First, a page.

Creating common ground through connection and conversation
Emergent Savannah uses conversational practices as a catalyst for enfranchisement and creative disruption. By creating conversation and connection, we connect people to action
Models We Use
The World Café is a powerful social technology for engaging people in conversations that matter, offering an effective antidote to our fast-paced world and lack of connection in today’s world. Founded by The World Café Community Foundation and based on the understanding that conversation is the core process that drives personal, business, and organizational life, the World Café is more than a method, a process, or technique – it’s a way of thinking and being together sourced in the philosophy of conversation World Café Method Drawing on seven principles, the World Café methodology is a simple, effective, and flexible format for hosting large group dialogue. World Café can be modified to meet a wide variety of needs. Specifics of context, numbers, purpose, location, and other circumstances are factored into each event’s unique invitation, design, and question choice, but the following five components comprise the basic model: 1) Setting: Create an environment, most often modeled after a café, i.e. small round tables covered with a checkered tablecloth, butcher block paper and colored pens. There should be four chairs at each table–each table will also have a “host” who will be stationed at the table for the entire World Café. This person will act as the point guard for all discussion, as the “conversators” switch after each round. 2) Welcome and Introduction: The host begins with a warm welcome and an introduction to the World Café process, the contextual discussion, sharing the Cafe Etiquette and putting participants at ease. 3) Small Group Rounds: The process begins with the first of three or more 10-15 minute rounds of conversation for the small group seated around a table. At the end of the twenty minutes, each member of the group moves to a different new table. They may or may not choose to leave one person as the “table host” for the next round, who welcomes the next group and briefly fills them in on what happened in the previous round. 4) Questions: Each round is prefaced with a question designed for the specific context and desired purpose of the session. The same questions can be used for more than one round, or they can be built upon each other to focus the conversation or guide its direction. 5) Harvest: After the small groups (and/or in between rounds, as desired) individuals are invited to share insights or other results from their conversations with the rest of the large group. These results are reflected visually in a variety of ways, most often using graphic recorders in the front of the room.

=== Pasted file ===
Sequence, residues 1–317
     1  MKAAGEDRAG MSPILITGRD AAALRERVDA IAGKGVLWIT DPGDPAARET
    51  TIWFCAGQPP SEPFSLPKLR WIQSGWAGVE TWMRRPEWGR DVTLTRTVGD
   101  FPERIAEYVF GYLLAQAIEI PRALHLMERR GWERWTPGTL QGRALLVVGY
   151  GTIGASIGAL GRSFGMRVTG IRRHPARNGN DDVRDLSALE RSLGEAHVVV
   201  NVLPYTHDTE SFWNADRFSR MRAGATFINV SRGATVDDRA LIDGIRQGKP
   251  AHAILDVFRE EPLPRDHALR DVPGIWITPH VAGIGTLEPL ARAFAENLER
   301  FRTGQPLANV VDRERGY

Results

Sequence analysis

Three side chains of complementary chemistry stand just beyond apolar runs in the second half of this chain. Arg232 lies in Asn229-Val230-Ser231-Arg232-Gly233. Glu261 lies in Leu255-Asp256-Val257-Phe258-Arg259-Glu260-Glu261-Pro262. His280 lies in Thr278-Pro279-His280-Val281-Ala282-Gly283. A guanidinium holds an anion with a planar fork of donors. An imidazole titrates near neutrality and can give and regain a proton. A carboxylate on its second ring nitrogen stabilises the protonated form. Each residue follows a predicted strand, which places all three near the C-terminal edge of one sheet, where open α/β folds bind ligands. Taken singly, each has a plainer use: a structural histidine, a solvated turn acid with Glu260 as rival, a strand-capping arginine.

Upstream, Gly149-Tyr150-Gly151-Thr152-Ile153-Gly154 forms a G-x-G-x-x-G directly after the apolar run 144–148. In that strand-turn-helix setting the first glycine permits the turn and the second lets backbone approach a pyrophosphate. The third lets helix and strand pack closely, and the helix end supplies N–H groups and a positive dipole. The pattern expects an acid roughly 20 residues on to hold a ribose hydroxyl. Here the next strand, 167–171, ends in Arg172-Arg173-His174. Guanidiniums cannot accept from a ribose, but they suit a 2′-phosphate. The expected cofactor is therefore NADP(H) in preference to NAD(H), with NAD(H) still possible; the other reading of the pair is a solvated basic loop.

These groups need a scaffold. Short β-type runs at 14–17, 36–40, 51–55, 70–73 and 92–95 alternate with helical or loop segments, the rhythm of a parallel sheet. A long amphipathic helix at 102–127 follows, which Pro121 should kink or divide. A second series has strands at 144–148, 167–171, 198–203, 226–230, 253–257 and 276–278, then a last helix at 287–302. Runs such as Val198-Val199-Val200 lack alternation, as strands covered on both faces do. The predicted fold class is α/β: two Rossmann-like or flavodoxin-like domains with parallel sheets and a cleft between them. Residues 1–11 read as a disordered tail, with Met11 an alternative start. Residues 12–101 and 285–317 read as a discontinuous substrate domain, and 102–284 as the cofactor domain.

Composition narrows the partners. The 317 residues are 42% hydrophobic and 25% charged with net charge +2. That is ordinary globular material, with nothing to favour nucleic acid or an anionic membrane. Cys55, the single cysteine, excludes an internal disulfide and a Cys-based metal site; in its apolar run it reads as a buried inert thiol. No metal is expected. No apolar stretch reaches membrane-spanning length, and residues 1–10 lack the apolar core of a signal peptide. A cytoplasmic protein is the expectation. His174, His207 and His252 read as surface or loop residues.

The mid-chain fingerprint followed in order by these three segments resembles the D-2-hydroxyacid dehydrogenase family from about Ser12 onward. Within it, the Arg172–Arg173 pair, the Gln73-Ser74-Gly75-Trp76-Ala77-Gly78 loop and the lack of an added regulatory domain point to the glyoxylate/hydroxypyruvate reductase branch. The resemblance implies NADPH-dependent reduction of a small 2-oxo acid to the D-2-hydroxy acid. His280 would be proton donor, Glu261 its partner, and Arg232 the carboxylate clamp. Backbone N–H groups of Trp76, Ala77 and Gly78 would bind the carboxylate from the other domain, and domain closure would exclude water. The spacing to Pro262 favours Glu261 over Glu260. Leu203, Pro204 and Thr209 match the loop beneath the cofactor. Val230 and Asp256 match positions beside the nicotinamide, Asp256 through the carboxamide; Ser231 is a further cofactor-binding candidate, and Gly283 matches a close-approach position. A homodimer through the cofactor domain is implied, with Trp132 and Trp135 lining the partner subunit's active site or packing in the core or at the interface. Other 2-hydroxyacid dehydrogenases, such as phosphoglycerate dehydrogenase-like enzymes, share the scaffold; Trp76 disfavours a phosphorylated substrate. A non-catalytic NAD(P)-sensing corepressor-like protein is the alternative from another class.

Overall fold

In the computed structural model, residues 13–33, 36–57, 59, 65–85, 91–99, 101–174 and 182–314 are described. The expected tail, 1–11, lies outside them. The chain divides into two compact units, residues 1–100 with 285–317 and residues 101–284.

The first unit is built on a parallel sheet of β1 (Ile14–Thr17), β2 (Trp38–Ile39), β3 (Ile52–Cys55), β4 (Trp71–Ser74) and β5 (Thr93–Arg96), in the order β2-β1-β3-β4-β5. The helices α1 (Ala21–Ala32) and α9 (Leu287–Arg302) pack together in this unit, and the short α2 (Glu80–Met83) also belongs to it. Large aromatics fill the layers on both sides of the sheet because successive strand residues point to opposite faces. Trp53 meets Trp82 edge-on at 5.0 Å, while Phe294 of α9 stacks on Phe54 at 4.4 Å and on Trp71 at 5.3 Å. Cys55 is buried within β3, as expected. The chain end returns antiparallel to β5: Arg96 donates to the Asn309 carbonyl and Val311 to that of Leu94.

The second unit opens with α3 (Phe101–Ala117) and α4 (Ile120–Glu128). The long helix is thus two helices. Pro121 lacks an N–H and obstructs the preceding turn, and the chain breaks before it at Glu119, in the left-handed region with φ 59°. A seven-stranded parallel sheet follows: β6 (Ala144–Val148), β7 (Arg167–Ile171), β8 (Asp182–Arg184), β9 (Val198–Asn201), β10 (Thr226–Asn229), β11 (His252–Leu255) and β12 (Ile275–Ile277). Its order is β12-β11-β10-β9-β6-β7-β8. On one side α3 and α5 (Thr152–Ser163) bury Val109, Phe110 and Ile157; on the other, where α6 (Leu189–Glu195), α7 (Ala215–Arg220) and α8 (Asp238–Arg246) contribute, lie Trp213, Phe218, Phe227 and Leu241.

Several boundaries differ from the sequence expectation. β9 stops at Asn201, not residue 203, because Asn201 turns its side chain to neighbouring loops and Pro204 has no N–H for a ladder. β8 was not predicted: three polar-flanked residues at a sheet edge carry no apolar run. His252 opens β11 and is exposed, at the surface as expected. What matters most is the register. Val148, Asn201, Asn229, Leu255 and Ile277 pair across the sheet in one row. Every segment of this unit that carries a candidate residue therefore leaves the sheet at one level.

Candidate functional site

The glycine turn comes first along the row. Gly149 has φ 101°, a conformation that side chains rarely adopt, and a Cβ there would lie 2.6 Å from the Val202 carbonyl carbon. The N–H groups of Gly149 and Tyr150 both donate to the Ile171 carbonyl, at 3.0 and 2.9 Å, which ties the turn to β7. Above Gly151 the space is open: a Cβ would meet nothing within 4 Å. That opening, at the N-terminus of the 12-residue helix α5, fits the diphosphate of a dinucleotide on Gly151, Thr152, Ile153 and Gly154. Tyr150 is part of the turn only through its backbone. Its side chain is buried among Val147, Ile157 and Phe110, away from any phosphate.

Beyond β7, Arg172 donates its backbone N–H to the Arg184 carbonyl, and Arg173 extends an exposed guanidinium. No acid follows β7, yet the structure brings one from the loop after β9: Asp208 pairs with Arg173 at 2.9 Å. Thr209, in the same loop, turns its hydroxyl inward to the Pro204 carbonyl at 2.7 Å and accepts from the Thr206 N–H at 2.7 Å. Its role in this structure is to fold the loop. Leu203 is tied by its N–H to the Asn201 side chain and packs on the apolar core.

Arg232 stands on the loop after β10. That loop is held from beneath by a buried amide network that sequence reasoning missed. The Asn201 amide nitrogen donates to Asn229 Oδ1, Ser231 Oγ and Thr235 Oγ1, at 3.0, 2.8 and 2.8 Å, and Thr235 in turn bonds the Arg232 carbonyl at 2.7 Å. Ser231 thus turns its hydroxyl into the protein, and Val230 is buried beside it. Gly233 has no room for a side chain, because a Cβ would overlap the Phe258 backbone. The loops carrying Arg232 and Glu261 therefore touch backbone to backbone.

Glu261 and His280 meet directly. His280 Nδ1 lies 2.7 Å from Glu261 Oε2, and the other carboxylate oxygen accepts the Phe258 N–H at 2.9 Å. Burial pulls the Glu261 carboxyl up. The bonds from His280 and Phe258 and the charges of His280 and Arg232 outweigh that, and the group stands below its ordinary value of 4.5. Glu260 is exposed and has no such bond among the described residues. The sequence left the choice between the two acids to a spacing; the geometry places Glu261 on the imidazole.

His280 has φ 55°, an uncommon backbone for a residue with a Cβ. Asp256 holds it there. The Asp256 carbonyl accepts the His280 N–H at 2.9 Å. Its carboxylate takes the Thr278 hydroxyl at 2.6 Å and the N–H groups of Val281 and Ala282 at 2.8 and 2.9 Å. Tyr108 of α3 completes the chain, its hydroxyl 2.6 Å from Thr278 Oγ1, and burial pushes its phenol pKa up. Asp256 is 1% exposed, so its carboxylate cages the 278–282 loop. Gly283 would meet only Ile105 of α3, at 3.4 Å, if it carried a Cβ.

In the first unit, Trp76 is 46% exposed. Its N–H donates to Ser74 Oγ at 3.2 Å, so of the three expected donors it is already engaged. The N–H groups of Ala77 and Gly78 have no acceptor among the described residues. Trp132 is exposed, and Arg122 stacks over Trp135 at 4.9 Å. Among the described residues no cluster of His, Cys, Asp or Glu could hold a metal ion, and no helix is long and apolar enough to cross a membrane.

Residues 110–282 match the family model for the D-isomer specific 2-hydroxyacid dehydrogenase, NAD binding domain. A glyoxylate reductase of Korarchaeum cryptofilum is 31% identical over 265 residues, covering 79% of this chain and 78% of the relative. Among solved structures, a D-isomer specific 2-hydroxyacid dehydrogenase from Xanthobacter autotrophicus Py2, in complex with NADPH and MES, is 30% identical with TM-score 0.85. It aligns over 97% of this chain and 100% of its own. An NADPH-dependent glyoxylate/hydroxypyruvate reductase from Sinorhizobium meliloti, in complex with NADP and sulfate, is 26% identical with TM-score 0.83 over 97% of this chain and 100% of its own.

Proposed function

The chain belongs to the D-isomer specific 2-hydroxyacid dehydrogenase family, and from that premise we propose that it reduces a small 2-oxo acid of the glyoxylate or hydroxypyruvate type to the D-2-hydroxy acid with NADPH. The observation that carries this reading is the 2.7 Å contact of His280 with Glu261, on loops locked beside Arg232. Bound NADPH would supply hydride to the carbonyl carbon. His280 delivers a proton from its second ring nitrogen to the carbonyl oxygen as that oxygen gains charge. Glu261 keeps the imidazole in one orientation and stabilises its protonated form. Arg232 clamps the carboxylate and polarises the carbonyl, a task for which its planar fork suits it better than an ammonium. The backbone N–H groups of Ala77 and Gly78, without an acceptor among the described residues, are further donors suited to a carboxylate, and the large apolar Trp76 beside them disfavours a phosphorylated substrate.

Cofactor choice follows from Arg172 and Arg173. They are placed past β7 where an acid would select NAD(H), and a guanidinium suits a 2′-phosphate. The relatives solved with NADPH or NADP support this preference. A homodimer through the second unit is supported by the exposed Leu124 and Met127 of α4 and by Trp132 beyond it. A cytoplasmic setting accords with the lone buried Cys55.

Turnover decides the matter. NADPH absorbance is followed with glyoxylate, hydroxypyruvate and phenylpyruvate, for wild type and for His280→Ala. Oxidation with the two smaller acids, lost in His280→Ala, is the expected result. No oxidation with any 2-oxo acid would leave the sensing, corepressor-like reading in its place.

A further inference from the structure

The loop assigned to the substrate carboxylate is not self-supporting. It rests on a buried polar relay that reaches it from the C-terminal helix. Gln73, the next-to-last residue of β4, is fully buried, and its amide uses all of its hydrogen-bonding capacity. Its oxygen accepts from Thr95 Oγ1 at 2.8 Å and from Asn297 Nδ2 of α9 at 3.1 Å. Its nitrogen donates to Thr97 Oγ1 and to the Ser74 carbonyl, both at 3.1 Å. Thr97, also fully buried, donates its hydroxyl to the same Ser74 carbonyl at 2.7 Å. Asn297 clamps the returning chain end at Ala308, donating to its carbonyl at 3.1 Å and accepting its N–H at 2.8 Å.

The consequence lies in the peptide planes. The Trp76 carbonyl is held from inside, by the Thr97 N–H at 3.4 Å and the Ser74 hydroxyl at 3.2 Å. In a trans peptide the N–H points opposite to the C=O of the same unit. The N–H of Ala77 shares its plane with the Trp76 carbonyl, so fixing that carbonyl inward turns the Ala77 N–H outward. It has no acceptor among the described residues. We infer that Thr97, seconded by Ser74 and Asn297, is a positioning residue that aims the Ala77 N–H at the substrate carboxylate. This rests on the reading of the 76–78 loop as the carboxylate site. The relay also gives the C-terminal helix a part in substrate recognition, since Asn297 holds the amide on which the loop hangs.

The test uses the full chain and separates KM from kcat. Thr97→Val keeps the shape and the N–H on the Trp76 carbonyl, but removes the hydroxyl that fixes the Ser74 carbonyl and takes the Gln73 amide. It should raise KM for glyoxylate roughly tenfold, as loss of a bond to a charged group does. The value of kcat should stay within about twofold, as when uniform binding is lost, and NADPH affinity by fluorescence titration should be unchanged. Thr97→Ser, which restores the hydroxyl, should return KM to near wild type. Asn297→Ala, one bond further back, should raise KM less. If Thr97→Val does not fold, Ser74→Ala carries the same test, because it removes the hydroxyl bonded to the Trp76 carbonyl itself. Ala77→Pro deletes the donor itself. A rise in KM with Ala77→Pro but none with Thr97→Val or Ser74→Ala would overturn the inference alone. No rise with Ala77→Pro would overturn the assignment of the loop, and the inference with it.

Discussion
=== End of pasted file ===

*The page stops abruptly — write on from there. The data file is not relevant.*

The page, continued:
Graphic Facilitation is the use of large scale visual imagery to lead groups and individuals towards a goal. The method is used in various processes such as meetings, seminars, workshops and conferences. This visual process is conducted by a Graphic Facilitator, who will draw and record the conversation as a means to better understand the crucial points of what was said. Emergent Savannah staffs Brittany Curry as our Graphic Facilitator. For more information on Brittany’s work, visit: http://bcurry910.tumblr.com